HibernateException – A collection with cascade=”all-delete-orphan” was no longer referenced by the owning entity instance

The logged exception

org.hibernate.HibernateException – “A collection with cascade=”all-delete-orphan” was no longer referenced by the owning entity instance: com.onkarjoshi.hibernate.test.Person.children”

Your likely problem

Looks like you have a Parent entity and a Child entity. The Parent has a collection of Child entities with cascade=”all-delete-orphan”.

You are setting a new collection via the setter thus leaving the original collection unreferenced by the Parent entity. This doesn’t fly well with Hibernate and leaves it confused about what to do.

parent.setChilden(new HashSet<Child>()); // This won’t work. Could be an ArrayList too.

parent.getChildren().clear(); // There, fixed that!

So generally speaking, just clear out the old collection, rather than dereferencing it and creating a new one.



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This entry was posted on Monday, September 20th, 2010 at 8:00 am and is filed under Uncategorized. You can follow any responses to this entry through the RSS 2.0 feed. You can leave a response, or trackback from your own site.

34 Responses to “HibernateException – A collection with cascade=”all-delete-orphan” was no longer referenced by the owning entity instance”

  1. matt broekhuis

    Thanks a ton! This should be higher up on the google ranks.

  2. Onkar Joshi

    @Matt
    I hope Google has the same realization soon. :)

  3. Alan

    Great. thanks for the solution

  4. Gustavo Freitas

    Hi,

    Isn’t it necessary to set the new referenced values? What If I’m updating a register for example and setting new values to the child?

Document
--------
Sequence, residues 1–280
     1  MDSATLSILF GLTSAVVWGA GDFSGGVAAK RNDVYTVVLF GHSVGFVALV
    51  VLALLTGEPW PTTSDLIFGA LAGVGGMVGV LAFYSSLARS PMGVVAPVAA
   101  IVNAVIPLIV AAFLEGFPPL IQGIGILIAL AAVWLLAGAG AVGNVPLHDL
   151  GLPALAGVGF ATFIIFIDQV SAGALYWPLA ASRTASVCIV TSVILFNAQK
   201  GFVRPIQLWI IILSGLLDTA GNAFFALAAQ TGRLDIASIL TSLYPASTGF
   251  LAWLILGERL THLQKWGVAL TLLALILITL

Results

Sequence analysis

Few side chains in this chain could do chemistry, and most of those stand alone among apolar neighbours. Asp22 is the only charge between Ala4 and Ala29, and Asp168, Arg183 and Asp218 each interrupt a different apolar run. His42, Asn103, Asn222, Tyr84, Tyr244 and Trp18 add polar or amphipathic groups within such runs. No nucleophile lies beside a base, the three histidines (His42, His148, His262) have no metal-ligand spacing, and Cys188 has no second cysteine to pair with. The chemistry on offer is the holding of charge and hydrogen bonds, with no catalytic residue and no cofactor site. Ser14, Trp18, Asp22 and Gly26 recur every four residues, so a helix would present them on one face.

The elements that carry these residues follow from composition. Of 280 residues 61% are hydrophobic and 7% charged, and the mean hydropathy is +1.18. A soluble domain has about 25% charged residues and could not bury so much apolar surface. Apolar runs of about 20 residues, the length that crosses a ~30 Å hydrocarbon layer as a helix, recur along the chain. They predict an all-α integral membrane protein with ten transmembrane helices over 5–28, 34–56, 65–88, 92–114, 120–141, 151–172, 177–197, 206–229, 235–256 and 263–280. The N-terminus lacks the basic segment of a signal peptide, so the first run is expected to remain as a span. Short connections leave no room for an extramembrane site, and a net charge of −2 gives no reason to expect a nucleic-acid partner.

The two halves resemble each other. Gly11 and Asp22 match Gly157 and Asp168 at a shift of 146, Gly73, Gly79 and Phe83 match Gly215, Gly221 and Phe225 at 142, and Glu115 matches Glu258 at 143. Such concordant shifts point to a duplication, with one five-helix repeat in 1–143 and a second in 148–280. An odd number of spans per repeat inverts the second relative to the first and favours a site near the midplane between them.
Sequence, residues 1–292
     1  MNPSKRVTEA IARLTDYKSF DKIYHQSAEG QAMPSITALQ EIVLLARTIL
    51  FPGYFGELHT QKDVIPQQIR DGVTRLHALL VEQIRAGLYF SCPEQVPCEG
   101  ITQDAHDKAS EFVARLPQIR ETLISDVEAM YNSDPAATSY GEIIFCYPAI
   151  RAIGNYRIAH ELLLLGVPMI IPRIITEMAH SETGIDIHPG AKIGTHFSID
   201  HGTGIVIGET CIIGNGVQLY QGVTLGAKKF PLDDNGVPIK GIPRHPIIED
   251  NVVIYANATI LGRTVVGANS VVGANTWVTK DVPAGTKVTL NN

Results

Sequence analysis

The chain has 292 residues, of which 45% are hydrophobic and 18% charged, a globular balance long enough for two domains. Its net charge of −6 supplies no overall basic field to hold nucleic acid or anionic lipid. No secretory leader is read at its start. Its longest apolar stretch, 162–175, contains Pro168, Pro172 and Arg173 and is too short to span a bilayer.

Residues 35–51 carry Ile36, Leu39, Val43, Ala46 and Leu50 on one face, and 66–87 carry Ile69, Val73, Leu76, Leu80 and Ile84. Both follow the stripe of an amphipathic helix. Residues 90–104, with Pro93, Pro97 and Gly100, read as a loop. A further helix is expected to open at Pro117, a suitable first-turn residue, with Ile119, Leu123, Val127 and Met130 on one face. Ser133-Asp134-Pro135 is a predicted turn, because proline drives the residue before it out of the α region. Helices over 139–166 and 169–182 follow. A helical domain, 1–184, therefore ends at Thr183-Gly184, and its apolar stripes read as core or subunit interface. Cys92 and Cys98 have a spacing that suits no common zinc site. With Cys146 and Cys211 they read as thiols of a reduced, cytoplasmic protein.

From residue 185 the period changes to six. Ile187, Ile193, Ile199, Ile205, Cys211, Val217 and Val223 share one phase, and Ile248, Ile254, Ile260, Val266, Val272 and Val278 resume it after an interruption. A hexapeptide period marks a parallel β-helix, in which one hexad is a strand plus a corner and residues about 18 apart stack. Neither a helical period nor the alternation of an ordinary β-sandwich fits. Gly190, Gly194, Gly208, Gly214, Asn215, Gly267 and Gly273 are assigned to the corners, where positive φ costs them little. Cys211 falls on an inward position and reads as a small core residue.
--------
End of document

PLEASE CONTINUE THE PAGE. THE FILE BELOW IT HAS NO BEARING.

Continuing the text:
5. cbulga

    Thanks a lot! This saved me!

  6. kab

    this saved me too!

  7. Onkar Joshi

    @Gustavo
    Sure. You can clear it and then add new values.

  8. Ravi

    Hi,

    Great Solution.. Thank you so much

  9. Aslam

    Great Post !! Thanx alot!

  10. sreedhar

    I came across same error and for me it was kind of different issue and I solved it too..just to share it here in case if u come acros my scenario.

    For me this error happened, when i was tring to update the object using saveOrUpdate(), one of the sub-class key value was null and since it couldn’t find, it throwed error. once i assigned key value properly, error went away.

  11. Jasper

    sreedhar, dude ! Thank you soo much. Your comment made me think outside of my self-made box. For me the entity class that created the problem wasn’t directly related to the entity class of the field that was reported in the hibernate exception. So I first spend 6 hours assuming something was somehow touching the reference that the exception reports…had nothing to do with that reference but another reference in the same class.